Konkona Sensharma: Firstly, I was tired of seeing Tillotama only play domestic worker roles when she is capable of so much more. She is incredibly talented in everything she does. I had mentioned to Tillotama that “The Piano Teacher” served as a reference for this film. Her character’s sexuality is not easily digestible; it’s somewhat enigmatic. She does unconventional things and is an unusual character. I find Tillotama to be very modern in her outlook and approach, and I knew I wanted her for the role. Tillotama is the one who suggested Amruta Subhash, and as soon as she mentioned her name, I thought, “Of course!” Amruta also helped me find Shrikant Yadav. She provided me with some options, and I ultimately chose Shrikant. For me, he represents the moral conscience of the film. He is a wonderful, warm, and dignified actor. They made my job easier. Amruta is an accomplished actor with the perfect temperament to work with. She understood everything even before I said it. In Indian society, lust is still considered taboo, especially for women. How important is it to explore a woman’s desire in cinema, and what were the challenges you faced in dealing with this subject?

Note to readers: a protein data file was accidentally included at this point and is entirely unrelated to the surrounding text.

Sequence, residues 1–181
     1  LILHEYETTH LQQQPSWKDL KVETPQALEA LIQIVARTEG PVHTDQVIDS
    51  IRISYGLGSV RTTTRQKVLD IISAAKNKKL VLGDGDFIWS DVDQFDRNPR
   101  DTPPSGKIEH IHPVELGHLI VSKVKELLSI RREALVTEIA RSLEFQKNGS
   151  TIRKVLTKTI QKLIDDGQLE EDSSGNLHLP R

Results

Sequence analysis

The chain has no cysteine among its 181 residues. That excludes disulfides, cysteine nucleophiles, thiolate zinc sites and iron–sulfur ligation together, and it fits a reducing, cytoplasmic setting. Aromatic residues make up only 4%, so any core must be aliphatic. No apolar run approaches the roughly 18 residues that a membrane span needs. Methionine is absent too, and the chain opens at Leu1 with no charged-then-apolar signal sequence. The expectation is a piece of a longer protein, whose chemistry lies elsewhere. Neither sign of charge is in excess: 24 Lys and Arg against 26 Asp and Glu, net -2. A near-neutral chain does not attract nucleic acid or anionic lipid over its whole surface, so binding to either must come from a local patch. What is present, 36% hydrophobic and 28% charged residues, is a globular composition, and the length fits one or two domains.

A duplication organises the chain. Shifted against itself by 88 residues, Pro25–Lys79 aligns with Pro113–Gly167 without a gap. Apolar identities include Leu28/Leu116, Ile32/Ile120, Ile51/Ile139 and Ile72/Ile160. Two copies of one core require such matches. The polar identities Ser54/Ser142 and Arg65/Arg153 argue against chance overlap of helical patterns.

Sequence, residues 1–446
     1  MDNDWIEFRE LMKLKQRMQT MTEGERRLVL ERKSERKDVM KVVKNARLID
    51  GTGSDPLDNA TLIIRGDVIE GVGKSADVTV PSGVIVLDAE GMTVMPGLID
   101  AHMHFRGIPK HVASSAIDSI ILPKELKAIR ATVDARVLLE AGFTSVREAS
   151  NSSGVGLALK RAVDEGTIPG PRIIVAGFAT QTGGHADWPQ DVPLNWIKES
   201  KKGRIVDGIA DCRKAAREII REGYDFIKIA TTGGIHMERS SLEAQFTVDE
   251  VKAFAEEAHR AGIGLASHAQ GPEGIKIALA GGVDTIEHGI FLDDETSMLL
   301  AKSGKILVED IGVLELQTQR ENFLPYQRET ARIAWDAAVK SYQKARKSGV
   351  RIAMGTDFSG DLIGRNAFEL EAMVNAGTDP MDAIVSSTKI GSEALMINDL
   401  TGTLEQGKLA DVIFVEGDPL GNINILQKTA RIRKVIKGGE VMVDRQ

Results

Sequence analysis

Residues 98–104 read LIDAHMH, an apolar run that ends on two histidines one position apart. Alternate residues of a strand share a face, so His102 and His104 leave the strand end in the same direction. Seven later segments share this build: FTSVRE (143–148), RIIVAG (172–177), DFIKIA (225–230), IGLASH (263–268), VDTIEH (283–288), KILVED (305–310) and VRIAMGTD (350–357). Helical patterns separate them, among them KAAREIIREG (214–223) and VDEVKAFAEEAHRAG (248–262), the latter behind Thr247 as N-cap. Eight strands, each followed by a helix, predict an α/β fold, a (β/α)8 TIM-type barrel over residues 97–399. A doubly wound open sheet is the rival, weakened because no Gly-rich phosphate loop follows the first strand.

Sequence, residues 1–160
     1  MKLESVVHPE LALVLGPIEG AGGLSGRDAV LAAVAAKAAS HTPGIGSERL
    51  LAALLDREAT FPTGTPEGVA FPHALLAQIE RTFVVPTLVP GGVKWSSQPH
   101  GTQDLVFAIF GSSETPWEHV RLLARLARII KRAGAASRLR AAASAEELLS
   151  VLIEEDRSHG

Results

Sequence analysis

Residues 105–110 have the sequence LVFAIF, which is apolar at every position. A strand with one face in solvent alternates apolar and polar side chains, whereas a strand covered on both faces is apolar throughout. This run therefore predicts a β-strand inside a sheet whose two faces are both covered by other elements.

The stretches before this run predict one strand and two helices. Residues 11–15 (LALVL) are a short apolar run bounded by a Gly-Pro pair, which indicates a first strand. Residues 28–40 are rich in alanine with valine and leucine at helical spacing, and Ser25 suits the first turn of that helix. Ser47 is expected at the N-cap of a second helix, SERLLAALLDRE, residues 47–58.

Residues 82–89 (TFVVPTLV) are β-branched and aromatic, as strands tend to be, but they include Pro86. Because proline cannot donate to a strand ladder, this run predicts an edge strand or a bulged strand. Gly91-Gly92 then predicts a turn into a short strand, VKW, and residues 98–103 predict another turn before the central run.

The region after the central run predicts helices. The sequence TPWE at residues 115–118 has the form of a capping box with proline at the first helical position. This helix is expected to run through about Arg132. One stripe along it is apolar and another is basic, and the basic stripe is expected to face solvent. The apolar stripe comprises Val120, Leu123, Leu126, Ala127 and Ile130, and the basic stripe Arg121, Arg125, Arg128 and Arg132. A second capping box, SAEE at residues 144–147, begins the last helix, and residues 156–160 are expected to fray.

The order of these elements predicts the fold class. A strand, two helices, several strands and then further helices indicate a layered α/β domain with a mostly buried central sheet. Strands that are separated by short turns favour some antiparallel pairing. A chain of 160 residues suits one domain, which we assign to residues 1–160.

Konkona Sensharma: It’s not for us to decide what should or shouldn’t be done. We owe it to ourselves to fully examine and explore our lives, regardless of whether cinema provides those opportunities or not. We should also allow others to do the same. One important aspect I wanted to convey is the ending of the film, where there’s an epilogue. After the two women meet again and have a conversation, we see an empty house. Someone is coming up in the elevator, and before we can see who it is, the film ends. The intention is to convey that we shouldn’t concern ourselves with what others are doing. It’s none of our business what consenting adults engage in unless it harms someone. I wanted to return to the playful nature of the film from the beginning, hence the epilogue. In our film, we naturally avoided depicting scenes from the male gaze. We haven’t internalized it, thankfully. Our goal was not just to showcase sex but also to examine human behavior.